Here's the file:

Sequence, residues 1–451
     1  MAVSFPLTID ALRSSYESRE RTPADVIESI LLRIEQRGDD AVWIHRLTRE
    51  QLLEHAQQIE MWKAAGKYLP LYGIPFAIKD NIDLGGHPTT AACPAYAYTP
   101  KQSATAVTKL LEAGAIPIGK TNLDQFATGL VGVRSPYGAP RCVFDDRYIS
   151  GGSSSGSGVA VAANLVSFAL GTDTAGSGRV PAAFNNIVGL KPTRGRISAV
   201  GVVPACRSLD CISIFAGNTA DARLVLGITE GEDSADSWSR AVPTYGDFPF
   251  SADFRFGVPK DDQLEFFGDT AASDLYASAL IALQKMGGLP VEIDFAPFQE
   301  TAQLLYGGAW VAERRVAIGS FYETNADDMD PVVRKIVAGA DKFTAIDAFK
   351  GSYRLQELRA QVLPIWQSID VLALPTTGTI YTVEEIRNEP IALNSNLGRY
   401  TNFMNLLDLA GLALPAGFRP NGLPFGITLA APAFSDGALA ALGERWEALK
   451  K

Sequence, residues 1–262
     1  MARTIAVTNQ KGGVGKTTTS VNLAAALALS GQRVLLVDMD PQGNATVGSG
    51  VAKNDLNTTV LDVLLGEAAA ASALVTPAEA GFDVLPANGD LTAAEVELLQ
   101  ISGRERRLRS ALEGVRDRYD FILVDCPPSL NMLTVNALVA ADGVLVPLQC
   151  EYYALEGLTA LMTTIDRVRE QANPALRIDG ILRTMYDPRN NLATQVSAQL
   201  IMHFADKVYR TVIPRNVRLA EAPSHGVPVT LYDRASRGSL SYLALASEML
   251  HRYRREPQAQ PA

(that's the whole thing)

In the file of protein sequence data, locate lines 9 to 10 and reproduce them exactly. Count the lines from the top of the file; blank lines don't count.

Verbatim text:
   351  GSYRLQELRA QVLPIWQSID VLALPTTGTI YTVEEIRNEP IALNSNLGRY
   401  TNFMNLLDLA GLALPAGFRP NGLPFGITLA APAFSDGALA ALGERWEALK